In 1953, Willan received a commission to write an anthem for the Coronation of Queen Elizabeth II. The resulting anthem, O Lord Our Governour, continues to be frequently performed. Willan's friends clubbed together to pay for his fare to London, so that he could attend the ceremony in person. [8]

Willan is best known for his sacred choral and organ works, which show evidence of his love for plainsong and Renaissance music. For example, many of his liturgical compositions employ western church modes from a thousand years ago and the modality and harmony of late nineteenth-century Russian Orthodox choral music. His vocal lines are significantly more melismatic, his style more contrapuntal and rhythmically much freer than was the case in the liturgical music of his contemporaries. The lively acoustics at Saint Mary Magdalene allowed the melismatic lines to soar and yet linger at the same time. His larger choral works, however, were very Romantic in nature. His rich harmonic palette and luxuriant, soaring melodies stand as testament to his admiration of both Brahms and Wagner.

His music represents a unique and beautiful combination of styles: both an homage to the sacred music of five centuries ago and a reflection of the innovations of the Romantic/post-Romantic period in which he lived. [9]


A fairly comprehensive listing of his works is given at the International Music Score Library Project. [10] The Giles Bryant Healey Willan Catalogue assigns numbers to (some of) Willan's works, eg B314, Rise up, my love, my fair one. [11]

Choral works

Missae breves

  • Missa brevis No. 1 in E flat
  • Missa brevis No. 2 in F minor
  • Missa brevis No. 3 in F major
  • Missa brevis No. 4 in E major (1934), based on the plainsong hymn, Corde natus ex parentis
  • Missa brevis No. 5 in F sharp minor (1935)
  • Missa brevis No. 6 in F minor (1935)
  • Missa brevis No. 7, "O Westron Wynde" (1936), based on the English folk melody of the same name
  • Missa brevis No. 8 in D minor, "Missa SS Philippi et Jacobi" (1949)
  • Missa brevis No. 9 in A minor, "Missa Sancti Michaelis" (1947)
  • Missa brevis No. 10 in C minor/major (1948)
  • Missa brevis No. 11 in G minor/major, "Missa Sancti Johannis Baptistae" (1953)
  • Missa brevis No. 12 in D major (1956), based on the Christmas plainsong hymn, Christe Redemptor omnium
  • Missa brevis No. 13 in G minor, "Holy Cross" (1960)
  • Missa brevis No. 14, "St Alphege" (1962)


  • How They So Softly Rest (1917)
  • Hail, Gladdening Light (1924)
  • O How Glorious (1924)
  • Very Bread, Good Shepherd Tend Us (1924)
  • O Sacred Feast (1924)
  • O How Sweet (1924)
  • Let Us Worship (1924)
  • O Trinity, Most Blessed Light (1925)
  • The Three Kings (1928)
  • Preserve Us O Lord (1928)
  • O King All Glorious (1928)
  • I Beheld Her (1928)
  • Fair in Face (1928)
  • Rise Up, My Love (1929)
  • O King of Glory (1929)
  • Lo, in the Time Appointed (1929)
  • O King to Whom All Things Do Live (1931)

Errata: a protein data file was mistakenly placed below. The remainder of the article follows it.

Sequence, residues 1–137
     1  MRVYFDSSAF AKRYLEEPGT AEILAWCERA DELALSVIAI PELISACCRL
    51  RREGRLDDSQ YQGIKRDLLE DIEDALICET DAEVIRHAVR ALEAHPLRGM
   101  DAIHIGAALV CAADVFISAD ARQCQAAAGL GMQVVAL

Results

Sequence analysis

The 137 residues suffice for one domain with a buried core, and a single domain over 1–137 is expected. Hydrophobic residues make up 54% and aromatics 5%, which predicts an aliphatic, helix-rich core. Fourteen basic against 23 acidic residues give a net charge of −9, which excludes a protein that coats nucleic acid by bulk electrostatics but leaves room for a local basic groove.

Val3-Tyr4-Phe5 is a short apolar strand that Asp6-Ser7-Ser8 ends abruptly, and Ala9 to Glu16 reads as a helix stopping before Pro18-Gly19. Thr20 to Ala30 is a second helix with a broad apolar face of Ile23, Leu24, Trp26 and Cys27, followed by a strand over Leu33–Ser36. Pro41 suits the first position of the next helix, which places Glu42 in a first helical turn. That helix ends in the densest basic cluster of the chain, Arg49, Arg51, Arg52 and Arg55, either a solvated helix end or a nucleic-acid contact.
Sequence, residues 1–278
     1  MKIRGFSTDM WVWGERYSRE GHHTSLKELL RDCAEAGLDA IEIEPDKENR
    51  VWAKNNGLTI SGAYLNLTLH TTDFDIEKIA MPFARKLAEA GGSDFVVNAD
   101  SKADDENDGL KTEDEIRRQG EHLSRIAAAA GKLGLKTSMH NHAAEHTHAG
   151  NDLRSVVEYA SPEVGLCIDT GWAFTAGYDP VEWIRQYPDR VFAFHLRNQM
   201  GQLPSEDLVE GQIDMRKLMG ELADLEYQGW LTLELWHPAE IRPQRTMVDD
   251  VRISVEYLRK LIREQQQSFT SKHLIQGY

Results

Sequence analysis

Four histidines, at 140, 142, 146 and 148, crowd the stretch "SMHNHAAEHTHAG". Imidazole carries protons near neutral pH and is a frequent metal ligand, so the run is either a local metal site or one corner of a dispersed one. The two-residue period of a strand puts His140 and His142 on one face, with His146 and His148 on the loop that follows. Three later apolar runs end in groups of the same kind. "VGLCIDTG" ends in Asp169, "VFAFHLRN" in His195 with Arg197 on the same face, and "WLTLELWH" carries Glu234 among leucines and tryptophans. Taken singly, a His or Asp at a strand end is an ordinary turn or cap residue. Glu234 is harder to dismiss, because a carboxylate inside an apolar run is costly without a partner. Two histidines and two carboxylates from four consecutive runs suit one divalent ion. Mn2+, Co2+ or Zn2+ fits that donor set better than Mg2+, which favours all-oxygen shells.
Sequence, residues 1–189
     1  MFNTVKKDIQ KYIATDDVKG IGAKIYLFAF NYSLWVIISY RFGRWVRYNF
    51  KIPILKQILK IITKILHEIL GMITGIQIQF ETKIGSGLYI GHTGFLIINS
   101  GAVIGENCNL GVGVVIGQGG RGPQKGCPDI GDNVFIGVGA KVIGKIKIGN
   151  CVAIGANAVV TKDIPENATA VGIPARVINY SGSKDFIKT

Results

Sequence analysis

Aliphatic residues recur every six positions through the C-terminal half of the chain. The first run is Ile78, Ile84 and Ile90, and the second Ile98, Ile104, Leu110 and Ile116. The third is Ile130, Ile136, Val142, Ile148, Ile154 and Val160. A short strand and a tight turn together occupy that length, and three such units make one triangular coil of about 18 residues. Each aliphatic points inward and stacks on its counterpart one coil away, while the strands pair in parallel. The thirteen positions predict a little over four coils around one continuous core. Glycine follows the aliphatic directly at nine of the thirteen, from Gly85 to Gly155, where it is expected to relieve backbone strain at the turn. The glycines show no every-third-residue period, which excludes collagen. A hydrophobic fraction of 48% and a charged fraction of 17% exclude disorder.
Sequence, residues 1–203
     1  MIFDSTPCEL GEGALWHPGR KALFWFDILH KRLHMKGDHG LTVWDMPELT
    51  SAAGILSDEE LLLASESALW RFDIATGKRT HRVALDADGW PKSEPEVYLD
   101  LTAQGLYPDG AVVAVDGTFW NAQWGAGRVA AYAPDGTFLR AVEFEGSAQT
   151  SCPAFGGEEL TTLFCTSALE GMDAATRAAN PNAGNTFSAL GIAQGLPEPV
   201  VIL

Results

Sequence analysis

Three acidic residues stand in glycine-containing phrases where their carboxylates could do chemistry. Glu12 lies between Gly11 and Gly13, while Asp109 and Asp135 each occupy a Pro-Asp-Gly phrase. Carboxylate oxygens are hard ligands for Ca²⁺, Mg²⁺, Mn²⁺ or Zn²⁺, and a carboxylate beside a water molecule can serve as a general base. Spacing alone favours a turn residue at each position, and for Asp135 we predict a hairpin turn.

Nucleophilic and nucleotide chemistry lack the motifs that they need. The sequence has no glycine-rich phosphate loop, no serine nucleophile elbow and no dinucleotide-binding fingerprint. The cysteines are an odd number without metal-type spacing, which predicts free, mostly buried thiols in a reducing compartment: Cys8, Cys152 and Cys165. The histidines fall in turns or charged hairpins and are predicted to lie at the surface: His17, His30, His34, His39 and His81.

• Behold the Tabernacle of God (1933)
  • Hodie, Christus natus est (1935)
  • Who Is She That Ascendeth (1937)
  • O Saving Victim, SSA (1935)
  • Look Down, O Lord, SSA (1935)
  • Ave verum corpus (1943)
  • Brébeuf and His Brethren (1948)
  • I Will Lay Me down in Peace (1949)
  • Christ Our Passover (1950)
  • Grant Us Thy Light (1950)
  • The Spirit of the Lord (1950)
  • Gloria Deo per immensa saecula (1950)
  • Great Is the Lord (1952)
  • Te Deum Laudamus (1956)


Orchestral works


See also

Related Research Articles

<span class="mw-page-title-main">Mass (music)</span> Form of sacred musical composition

The Mass, a form of sacred musical composition, is a choral composition that sets the invariable portions of the Eucharistic liturgy to music. Musical Masses take their name from the Catholic liturgy called "the Mass".

Alfred Ernest Whitehead was an English-born Canadian composer, organist, choirmaster, music educator, painter, whose works are held in a number of important private collections, and an internationally recognized authority in the field of philately. His The Squared-Circle Cancellations of Canada received its third edition shortly after his death.

Gerald Albert Bales, was a Canadian organist and composer.

<span class="mw-page-title-main">Leo Sowerby</span> American composer and church musician

Leo Salkeld Sowerby was an American composer and church musician. He won the Pulitzer Prize for music in 1946 and was often called the “Dean of American church music” in the early to mid 20th century.

František Xaver Brixi was a Czech classical composer of the 18th century. His first name is sometimes given by reference works in its Germanic form, Franz.

<span class="mw-page-title-main">Church of St. Mary Magdalene (Toronto)</span> Church

The Church of St. Mary Magdalene is a parish of the Anglican Church of Canada located in Toronto. It is named for Jesus' companion, Mary Magdalene, and is famous for its association with composer Healey Willan, who was organist and choirmaster for over four decades. In 2013, SMM celebrated its 125th Anniversary.

Percy William Whitlock, was an English organist and post-romantic composer.

John Ernest Cook was an Anglo-American organist, composer and church musician.